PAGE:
Electronics PCB Connections "/>

Teensy 3.6 design files in Kicad

17 March 2021 at 2:34 pm

Article image for Teensy 3.6 design files in Kicad

​Back in July, I made a Teensy 3.2 reference design for those that want to make their own custom board. Now I’ve made a Teensy 3.5 / 3.6 design. This was my first board with a BGA chip, so I learned quite a lot in the process.

This breakout is based off a test board that I made for a customer. I made the customer board and then I removed all the customer specific parts so all 63 possible pins are broken out. You can find all the files in this GitHub repository. The picture above shows the final board I got from fab. This board differs from the original Teensy design in that I had no need for a SD card, so this makes pins 58-63 available for other things.

How to make 4 layer BGA’s cheap

When making 4 layer boards, it’s incredlibly important to stick with the manufacturers rules. Pooling of many boards in one big panel is what makes the price of PCB’s go down. If you design the board incorrectly, the board will fall out of this “pool” and be many times as expensive. In this case, I used Eurocircuits so the basic rule was - don’t use MicroVias and make the annular ring 0.3mm bigger than the size of the hole. Eurocircuits has this super-nice pre-flight tool for PCB’s, but despite changing all the vias to this, the preflight tests failed and the board became 10x expensive. In the end I found that you must use 0.5mm vias with 0.15mm drills to “fool” the “tool”, so vias must be 0.35mm bigger than the hole for the via.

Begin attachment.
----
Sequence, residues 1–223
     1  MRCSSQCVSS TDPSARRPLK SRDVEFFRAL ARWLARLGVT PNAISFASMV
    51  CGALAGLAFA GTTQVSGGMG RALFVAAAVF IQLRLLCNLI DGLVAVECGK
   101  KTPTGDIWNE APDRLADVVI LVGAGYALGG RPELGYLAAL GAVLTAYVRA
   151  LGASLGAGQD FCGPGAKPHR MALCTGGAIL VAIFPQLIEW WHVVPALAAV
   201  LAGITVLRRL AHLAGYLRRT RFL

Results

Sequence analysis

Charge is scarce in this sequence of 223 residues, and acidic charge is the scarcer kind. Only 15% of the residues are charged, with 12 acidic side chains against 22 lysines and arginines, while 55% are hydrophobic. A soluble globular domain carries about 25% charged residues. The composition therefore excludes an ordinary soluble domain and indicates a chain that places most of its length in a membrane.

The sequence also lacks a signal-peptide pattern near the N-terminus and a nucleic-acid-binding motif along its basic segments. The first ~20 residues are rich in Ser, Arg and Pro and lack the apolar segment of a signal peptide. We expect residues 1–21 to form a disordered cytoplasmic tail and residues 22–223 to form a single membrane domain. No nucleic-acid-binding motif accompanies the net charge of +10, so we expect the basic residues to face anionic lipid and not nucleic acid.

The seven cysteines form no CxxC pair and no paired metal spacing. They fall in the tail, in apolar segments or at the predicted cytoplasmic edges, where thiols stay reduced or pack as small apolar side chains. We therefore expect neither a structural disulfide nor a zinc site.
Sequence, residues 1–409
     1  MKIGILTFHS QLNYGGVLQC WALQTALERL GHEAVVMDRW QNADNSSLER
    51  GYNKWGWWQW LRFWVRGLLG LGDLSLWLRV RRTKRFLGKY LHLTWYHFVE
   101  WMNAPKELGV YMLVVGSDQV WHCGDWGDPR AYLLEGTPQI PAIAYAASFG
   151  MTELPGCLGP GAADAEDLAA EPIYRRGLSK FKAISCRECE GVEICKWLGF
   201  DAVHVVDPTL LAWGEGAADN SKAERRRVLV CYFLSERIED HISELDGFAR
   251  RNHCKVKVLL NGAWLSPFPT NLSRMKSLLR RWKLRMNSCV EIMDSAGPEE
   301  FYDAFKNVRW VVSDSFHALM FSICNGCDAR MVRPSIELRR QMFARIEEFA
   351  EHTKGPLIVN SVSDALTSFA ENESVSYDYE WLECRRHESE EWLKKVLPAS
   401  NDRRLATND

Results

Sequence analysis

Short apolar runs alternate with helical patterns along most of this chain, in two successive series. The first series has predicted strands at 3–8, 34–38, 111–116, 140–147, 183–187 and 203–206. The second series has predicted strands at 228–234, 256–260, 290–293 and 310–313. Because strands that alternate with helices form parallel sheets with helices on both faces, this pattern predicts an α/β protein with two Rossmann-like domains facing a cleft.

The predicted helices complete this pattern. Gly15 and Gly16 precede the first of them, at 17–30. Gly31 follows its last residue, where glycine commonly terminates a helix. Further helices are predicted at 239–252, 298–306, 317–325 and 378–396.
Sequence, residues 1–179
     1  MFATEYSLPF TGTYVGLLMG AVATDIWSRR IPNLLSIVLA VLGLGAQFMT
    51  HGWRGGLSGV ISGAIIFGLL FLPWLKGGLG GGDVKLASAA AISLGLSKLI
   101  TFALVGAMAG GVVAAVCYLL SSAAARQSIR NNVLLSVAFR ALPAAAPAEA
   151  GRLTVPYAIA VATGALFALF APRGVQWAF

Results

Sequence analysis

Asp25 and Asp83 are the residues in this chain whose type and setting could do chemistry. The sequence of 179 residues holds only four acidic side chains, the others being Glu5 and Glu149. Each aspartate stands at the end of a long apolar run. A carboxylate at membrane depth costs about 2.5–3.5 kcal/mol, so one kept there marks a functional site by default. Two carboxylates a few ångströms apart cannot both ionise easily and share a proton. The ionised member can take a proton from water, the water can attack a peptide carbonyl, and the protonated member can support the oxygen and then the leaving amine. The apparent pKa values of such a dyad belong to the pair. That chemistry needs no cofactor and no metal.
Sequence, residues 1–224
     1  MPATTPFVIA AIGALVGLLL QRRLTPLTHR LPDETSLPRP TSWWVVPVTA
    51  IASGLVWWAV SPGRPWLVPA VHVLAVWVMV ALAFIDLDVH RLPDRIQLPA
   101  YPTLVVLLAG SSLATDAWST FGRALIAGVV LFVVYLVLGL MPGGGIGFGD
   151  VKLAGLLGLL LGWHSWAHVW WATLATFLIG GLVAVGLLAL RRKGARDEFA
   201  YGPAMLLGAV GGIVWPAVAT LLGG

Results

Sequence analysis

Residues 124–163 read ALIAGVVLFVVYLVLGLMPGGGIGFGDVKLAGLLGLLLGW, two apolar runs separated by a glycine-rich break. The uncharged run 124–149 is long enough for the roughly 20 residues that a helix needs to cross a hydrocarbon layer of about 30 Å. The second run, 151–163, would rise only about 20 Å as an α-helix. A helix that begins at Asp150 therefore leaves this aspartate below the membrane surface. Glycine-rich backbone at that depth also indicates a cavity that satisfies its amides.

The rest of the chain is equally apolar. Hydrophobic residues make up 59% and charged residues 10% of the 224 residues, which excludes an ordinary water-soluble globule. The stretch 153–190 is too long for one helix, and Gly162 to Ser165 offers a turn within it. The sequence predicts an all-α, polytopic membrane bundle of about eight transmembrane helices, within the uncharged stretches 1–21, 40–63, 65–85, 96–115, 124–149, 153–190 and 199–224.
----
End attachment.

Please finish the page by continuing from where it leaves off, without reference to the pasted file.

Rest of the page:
Anyhow - I thought I’d publish the files for others to use as a starting point. Given that this was my first BGA layout, you might want to redo the routing, but it worked great for a first take! Also - I recommend checking out this YT video on laying out multi-layer boards. Lot’s of good tips!

Related: I’ve also updated my USB Type C repository with some alternate parts that match in terms of footprint.